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New York Crumb Cake

Ready

Jean-Baptiste Alphonse Karr once said “plus ça change, plus c’est la même chose” … “the more things change, the more they stay the same”.

Not that I’m one to argue with a dead, French journalist, who coined one of the most used sentences … well, EVER …

BUT, for me, truth be told, the more things have changed, the more different they have become.

I was born in New York City. Grew up in New York City. Grammar school and high school in New York City. Up until November 2013, I had never lived further than 10 miles from everyone to whom I’m related – except my sister Maria who abandoned ship to marry a great guy and now lives in Oswego, IL.

I worked for my Dad for around 30 years as a paralegal and office manager.

I had GREAT gal pals.

November came along and EVERYTHING changed. I moved from the hustle and bustle of New York City to the calm and quiet of Bar Harbor, Maine (well, except for July and August when town is over run by tourists). Am no longer (mostly) working for my Dad, have new jobs, added some new gal pals to my beloved inner circle, live in a beautiful home surrounded by beautiful gardens, with the MOST incredible man.

I decided as I was packing my boxes that I no longer wanted to be a paralegal. I didn’t want a 9 to 5 office grind. If I was going to change everything about my life, I may as well change everything about  my life.

BUT WHAT DO I WANT TO BE WHEN I GROW UP!?

Well, who knows?! (and I refuse to grow up …) But I do know it HAS to involve food! At the moment, I’m working at Reel Pizza Cinerama – truly one of the coolest places EVER! I began my own summer based cooking business – The Maine Ingredients – which truly struggled its first summer. I even picked up a few shifts as a sous chef in a friend’s restaurant – Sweet Pea’s Cafe.

A little restless. A little bored. Feeling a little sorry for myself.

AND THEN! … an email from my friend Jennifer Steen Booher, whose photographs are the coolest I’ve ever seen (check them out on Quercus Design) arrived. Her daughter Tabby wants to cook, bake, be in the kitchen. They tried a cooking camp and it was a massive FAIL. Would I consider coming over and teaching Tabby and a couple of friends the way around a cake tin? WOULD I? HELLS YEAH!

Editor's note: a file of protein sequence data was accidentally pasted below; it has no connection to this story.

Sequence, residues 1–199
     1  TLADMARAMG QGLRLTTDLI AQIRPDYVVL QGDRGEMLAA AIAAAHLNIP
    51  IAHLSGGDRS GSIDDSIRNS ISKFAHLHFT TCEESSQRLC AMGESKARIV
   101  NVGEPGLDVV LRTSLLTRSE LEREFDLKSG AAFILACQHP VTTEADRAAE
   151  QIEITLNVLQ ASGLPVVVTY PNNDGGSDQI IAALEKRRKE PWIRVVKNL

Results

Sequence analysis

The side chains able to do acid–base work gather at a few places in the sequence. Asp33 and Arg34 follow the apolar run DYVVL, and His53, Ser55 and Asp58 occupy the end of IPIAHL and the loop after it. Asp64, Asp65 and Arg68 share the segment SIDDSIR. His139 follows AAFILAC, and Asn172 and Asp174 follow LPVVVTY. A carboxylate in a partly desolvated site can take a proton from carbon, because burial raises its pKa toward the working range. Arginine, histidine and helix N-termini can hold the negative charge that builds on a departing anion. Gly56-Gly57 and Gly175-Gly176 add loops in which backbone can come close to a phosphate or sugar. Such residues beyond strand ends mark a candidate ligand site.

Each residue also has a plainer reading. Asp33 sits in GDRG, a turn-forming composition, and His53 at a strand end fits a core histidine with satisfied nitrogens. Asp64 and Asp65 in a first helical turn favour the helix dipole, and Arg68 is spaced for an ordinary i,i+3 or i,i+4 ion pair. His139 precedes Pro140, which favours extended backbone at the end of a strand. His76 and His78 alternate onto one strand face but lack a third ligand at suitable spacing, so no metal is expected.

We had a blast! We made pretzels and scones and bread and blueberry muffins and quiche and lemon meringue pie (which I had personally never made either and was knocking knees that it would work out – and it did!) and sticky buns and this New York Crumb Cake.

Jenn wrote a great piece about our time in the kitchen – check it out – and check out hr fabulous photography!

Thank you, Jenn for sharing your kitchen and daughter with me! Thank you Tabby, Anna, Irene, Geneva and Carolyn for making the lessons so much fun and for turning out some fabulous baked goods!

I’m hoping others will see this and Jenn’s piece on her blog and want some lessons too … if you do you can reach my by email themaineingredients@gmail.com or 207-801-0302!

See, the more things have changed, the more they have changed and the better they have become!

Makes one 9-by-12 1/2-inch cake

  • 2 T canola oil, plus more for pan
  • 4 C all-purpose flour, plus more for pan
  • 1/2 C granulated sugar
  • 2 1/2 t baking powder
  • 1/2 t salt
  • 1 large egg
  • 1/2 C milk
  • 2 t pure vanilla extract
  • 1 C packed light-brown sugar
  • 1 1/2 t ground cinnamon
  • 1 C (2 sticks) unsalted butter, melted and cooled
  • Confectioners’ sugar for dusting

Place rack in center of oven, and heat oven to 325°. Lightly brush a 9-by-12 1/2-inch baking pan with canola oil, dust with flour, and tap to remove excess. Set aside. In a medium bowl, sift together 1 1/2 cups flour, granulated sugar, baking powder, and salt; set aside. In a second bowl, whisk together egg, milk, canola oil, and vanilla. Using a rubber spatula, fold dry ingredients into egg mixture.

Batter in pan

Spread batter evenly into prepared pan, and set aside.

In a medium bowl, combine remaining 2 1/2 cups flour, brown sugar, and cinnamon. Pour melted butter over flour mixture, and toss with a rubber spatula until large crumbs form.

Adding crumbs

 

Sprinkle crumbs over batter.

Transfer pan to oven, and bake, rotating pan after 10 minutes. Continue baking until a cake tester comes out clean, about 10 minutes more.

Cooling

Transfer baking pan to a wire rack to cool.

Dusting

Dust with confectioners’ sugar. Using a serrated knife or bench scraper, cut into 3-inch squares. Store in an airtight container for up to 3 days.

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